Well I was up bright and early at just gone 6 this morning so that I could say goodbye to Will. I'd hoped that I could give him a hug and wave him off on his way before crawling back into bed for another couple of hours' kip. However, I had not anticipated the change in the weather..
It was a clear blue day, the sun was shining and the clouds were few and far between - perfect for mountain spotting! As I'm sure I've mentioned before, it's hard to believe that I'm in the Himalayas because apart from the steep green hills that surround us, the near constant cloud cover means that we just don't see them. I'd been told by those in the know that there'd be very little chance of me seeing anything snow covered and pointy for the length of my stay.
Anyway, back to this morning. On seeing the clear sky I decided to walk with Will to the main road then stop off near the giant bodhi tree where I could get a better view. I threw on yesterday's clothes, left my shambolic mess of hair untethered, stuck my specs on, ignored my need for a wee and wondered out, thinking I'd be back in a few minutes to deal with my general appearance and bathroom urges. Nevertheless, after my first glimpse of Mahchapuchare through the buildings I wanted to get closer, so I called Debs, hailed a taxi and off we trundled to the top of nearby Sarangkot. The journey was short and packed full of lush vistas, bright colours and a man on a moped carrying about 20 live chickens from the handlebars. Before long we stood on the viewing point and took in the Annapurnas...
Some years ago, when teaching in Year 6, I used to enjoy our summer geography topic: Mountains. I made a canny purchase in the January sales of a mountain calendar and I stuck the pictures up all over the walls. One of these pictures was frequently overlooked in favour of Everest, Kilimanjaro and the Matterhorn; it was a picture of Machapuchare, or Fishtail Mountain. (I'd taken a snap of this picture a few weeks ago, and it's now the cover image for this blog entry!) I never would have imagined that years later I'd be standing on a cement block with a cup of very sweet tea staring said mountain in the face. As part of their geography work, year 6 would write poems about mountains and I'd encourage them to really go for it with the similes and metaphors. 'The mountain was as tall as a giant,' 'it towered proudly over the city,' 'the snow was a powdery blanket...' With all this good literacy behind me, surely I could come up with some fantastic figurative language to describe what I saw...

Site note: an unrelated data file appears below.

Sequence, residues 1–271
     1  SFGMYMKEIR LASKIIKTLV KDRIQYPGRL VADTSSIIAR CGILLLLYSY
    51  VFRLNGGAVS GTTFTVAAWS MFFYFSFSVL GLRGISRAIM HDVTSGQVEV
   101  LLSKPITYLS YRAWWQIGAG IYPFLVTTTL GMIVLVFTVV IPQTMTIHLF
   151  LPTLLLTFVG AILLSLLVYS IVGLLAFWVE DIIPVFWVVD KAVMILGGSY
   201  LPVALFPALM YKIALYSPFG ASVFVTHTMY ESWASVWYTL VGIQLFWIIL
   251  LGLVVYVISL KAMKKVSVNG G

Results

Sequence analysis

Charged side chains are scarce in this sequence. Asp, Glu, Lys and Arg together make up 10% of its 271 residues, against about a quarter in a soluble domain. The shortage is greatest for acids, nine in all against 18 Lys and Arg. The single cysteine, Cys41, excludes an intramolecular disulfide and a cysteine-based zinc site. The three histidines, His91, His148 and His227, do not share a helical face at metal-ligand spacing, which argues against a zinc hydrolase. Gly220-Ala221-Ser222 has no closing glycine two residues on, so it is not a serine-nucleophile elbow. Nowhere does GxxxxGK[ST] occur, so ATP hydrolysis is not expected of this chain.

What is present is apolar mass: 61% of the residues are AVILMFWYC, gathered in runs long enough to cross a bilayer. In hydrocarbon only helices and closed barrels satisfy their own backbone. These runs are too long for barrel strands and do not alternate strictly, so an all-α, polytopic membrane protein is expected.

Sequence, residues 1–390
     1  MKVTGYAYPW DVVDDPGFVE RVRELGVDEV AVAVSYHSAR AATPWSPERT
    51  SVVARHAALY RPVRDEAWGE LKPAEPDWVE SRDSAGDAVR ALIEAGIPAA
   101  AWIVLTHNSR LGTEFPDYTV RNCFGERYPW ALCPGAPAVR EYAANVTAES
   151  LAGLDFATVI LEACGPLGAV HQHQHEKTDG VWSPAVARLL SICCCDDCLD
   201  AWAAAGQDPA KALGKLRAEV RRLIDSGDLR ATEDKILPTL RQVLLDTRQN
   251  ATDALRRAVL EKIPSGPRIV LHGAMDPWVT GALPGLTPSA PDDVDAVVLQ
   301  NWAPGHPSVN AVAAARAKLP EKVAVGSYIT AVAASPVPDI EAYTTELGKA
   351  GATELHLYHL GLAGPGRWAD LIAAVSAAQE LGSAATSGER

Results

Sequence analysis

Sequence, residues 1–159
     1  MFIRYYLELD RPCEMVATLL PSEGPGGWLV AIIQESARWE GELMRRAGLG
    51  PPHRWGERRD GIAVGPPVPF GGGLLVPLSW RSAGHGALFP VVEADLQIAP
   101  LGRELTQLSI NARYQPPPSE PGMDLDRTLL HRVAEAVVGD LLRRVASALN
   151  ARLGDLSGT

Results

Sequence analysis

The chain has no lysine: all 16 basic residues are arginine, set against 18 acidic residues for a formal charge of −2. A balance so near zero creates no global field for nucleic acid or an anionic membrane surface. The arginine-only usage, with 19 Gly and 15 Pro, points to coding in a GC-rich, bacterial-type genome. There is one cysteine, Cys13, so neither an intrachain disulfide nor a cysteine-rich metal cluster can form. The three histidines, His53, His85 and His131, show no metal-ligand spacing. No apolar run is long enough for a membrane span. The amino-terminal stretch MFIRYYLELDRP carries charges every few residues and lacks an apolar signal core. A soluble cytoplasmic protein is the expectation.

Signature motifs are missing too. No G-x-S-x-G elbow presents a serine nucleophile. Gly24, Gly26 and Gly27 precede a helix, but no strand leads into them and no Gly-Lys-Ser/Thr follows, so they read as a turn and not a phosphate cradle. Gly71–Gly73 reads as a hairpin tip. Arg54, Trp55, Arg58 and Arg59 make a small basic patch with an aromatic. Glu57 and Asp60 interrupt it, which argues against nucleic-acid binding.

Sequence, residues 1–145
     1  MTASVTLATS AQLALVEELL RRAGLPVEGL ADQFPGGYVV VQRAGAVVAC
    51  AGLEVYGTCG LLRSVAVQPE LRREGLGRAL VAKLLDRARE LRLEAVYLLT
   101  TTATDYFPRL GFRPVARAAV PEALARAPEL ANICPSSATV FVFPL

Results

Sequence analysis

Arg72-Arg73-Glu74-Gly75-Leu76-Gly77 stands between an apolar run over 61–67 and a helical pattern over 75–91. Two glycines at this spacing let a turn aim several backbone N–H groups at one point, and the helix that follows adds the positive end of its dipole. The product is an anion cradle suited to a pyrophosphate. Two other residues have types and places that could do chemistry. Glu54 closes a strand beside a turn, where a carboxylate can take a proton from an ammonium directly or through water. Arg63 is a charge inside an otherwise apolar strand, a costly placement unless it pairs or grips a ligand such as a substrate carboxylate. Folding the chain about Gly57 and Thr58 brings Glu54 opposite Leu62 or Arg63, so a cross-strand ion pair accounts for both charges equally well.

But I really couldn't. I had a lump in my throat and my eyes were swimming. The view was breathtaking and all I could do was sit and gawp. I took lots of pictures but none of them will do justice to the experience. I felt refreshed from the inside out and deeply grateful that I'd been able to make it to this country and encounter the natural world at its very finest. A true memory to cherish...
And I managed to do it all with crap hair, dirty clothes, embarrassing specs and a full bladder.